[CALAC+: Particle Number instead of Opacity Measurement] The new way to evaluate pollution from diesel vehicles

The first International Seminar on Nano Particles held in Mexico City in 2019 by the CALAC+ Programme and the Government of Mexico City produced an agreement to organise a working party to develop proposals for standards on measuring Nano Particles (NPTI) in internal combustion engines.

In June of this year, the working party’s activities began with the aim of drafting a baseline document to be made available to the countries of the region, for formulating their national standards.

The baseline will develop a proposal for a standard in-plant assessment of the number of particles (NPTI) in internal combustion vehicles. It will address three essential aspects: (i) equipment requirements, (ii) equipment calibration protocols and (iii) maximum permitted limits.

The first activities included an internal webinar with Gerrit Kadijk, representative of TNO (Netherlands), who shared the equivalent European standards and their status.  He highlighted the need for a standard for evaluating particle numbers in:

  • Vehicles equipped with particulate filters, as inspection and monitoring systems with optical opacimeters did not have the measurement range for this technology.
  • For EURO VI vehicles and those equipped with DPFs, there needs to be a mechanism to check that the emission control systems are working properly.

The webinar also presented a Chilean experience of a voluntary particle emissions measurement campaign carried out with part of Santiago’s public transport system fleet.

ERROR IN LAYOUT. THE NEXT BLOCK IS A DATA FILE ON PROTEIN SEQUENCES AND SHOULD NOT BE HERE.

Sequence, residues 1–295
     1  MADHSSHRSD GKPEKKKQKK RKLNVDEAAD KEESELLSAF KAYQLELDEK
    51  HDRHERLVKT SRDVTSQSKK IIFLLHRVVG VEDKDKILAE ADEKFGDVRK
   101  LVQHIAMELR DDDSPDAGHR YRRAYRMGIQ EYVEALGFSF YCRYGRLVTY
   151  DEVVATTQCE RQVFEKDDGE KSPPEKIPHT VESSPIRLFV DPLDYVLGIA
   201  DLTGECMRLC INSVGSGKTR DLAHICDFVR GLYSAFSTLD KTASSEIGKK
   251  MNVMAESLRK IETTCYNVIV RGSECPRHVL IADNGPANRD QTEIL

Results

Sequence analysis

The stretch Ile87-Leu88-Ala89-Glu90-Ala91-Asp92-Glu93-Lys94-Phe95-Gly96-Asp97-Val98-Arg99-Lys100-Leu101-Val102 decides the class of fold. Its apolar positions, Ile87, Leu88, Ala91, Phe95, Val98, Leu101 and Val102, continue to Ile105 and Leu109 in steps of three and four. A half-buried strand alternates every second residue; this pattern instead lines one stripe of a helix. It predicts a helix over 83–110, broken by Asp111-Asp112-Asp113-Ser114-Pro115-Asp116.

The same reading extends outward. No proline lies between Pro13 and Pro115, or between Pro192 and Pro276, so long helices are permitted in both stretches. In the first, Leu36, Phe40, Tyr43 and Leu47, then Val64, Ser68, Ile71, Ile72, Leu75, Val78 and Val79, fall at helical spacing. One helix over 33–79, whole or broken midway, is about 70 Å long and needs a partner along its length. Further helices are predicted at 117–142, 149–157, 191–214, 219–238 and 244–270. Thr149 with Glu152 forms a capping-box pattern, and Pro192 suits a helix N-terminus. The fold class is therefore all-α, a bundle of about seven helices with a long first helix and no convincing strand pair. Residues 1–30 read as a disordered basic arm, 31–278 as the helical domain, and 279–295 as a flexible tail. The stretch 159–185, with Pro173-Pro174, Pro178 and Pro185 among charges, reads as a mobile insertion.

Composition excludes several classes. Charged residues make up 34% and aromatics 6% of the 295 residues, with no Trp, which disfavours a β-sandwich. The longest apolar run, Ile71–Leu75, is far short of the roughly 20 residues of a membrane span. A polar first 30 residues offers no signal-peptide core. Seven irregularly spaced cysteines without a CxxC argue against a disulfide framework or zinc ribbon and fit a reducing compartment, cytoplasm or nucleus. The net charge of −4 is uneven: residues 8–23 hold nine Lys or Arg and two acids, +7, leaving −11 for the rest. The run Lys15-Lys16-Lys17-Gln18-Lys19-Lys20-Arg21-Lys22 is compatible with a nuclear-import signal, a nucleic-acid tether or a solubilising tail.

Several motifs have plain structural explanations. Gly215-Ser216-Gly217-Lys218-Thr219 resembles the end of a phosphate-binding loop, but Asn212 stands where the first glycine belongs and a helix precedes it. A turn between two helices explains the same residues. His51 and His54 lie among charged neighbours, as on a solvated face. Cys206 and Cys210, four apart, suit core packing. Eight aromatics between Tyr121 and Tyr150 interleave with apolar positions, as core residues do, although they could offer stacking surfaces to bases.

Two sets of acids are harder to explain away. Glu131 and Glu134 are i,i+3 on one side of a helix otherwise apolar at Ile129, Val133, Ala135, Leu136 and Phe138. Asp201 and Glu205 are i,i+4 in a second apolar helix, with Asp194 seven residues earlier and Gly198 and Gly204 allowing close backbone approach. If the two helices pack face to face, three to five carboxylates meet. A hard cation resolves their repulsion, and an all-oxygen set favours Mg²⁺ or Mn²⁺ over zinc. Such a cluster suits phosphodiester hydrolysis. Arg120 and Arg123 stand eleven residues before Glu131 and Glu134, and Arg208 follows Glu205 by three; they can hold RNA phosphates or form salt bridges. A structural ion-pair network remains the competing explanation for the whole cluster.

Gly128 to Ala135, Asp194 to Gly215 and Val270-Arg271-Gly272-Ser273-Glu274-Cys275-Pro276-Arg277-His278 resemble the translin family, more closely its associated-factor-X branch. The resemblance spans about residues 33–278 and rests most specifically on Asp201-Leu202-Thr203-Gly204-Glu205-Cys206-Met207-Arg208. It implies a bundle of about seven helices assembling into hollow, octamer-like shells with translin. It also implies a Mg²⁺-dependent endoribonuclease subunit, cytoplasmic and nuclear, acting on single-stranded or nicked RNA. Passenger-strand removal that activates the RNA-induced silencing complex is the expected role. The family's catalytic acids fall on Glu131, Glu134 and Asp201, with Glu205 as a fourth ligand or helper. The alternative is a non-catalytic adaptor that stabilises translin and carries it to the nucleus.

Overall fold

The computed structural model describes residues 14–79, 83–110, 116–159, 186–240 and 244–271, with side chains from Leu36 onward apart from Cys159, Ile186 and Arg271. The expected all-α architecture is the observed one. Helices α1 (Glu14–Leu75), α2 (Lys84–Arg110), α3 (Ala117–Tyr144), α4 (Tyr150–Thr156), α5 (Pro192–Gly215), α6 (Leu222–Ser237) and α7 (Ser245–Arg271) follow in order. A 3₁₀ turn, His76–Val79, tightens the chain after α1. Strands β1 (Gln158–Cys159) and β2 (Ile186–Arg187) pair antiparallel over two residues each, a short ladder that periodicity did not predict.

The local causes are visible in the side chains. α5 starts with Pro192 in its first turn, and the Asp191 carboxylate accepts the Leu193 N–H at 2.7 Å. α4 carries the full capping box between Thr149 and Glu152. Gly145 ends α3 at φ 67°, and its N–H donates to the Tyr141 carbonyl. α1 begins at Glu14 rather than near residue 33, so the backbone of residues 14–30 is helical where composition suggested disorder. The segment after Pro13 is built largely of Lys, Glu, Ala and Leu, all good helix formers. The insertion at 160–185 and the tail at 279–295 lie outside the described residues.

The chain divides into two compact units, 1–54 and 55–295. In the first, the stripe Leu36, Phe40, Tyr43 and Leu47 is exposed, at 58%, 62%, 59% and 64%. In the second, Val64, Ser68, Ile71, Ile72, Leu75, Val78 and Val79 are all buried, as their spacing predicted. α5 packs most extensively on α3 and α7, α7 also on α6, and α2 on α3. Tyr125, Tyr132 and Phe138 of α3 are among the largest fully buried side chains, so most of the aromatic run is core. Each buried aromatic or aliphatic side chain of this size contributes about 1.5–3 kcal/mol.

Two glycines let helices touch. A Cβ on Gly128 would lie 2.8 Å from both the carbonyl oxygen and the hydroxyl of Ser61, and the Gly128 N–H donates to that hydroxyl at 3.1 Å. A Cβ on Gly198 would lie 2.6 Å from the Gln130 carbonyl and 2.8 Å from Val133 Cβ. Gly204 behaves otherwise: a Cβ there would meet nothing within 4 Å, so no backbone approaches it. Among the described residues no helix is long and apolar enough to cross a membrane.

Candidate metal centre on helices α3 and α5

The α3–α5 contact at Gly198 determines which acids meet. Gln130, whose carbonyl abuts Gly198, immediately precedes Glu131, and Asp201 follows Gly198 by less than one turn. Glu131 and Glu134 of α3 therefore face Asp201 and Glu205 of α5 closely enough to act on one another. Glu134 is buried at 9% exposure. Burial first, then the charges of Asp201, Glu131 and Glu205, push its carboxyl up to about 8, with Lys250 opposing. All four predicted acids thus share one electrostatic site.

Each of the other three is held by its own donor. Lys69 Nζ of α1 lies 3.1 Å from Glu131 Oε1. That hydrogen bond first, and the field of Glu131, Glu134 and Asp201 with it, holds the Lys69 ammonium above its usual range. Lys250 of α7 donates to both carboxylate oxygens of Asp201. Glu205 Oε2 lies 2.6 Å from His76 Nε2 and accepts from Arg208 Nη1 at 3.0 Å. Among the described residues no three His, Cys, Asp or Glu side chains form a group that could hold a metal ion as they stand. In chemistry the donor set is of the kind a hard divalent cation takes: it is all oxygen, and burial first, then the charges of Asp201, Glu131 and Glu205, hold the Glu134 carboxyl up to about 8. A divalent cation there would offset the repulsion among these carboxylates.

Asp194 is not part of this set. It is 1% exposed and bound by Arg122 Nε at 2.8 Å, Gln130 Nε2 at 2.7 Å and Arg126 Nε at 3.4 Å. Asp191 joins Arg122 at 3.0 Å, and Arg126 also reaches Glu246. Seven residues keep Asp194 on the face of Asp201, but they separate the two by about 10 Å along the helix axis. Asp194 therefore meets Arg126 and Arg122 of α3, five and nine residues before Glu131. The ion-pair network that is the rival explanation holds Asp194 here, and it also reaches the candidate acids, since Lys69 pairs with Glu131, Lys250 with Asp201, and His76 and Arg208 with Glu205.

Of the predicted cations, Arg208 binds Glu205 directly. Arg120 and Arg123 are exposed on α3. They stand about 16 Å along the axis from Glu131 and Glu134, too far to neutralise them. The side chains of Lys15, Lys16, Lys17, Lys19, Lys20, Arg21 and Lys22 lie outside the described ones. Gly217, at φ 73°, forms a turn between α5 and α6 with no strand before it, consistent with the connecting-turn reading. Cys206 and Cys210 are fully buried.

The AD HOC and voluntary working party is composed of representatives of the public and academic sectors from the four countries in which CALAC+ works: Mexico, Colombia, Peru and Chile. It is expected to produce a consensus document by the end of the year, which will be available for all interested parties.

The presentations can be seen on the following links:

About CALAC+

The Clean Air and Climate Programme in Latin American Cities (CALAC+) was implemented with a vision of healthier cities that reduce their emissions of short-lived climate pollutants (such as black carbon) and atmospheric gases and greenhouse gases (GHGs) by fostering a shift towards soot-free and low-carbon urban buses and off-road machinery

Its core objective is to reduce harmful air pollutants by using soot-free engines in urban public transport and off-road machinery to protect human health and mitigate climate change.

For further information:
CALAC+, Fact sheet, Embassy of Switzerland, Swiss Development and Cooperation Agency (SDC)

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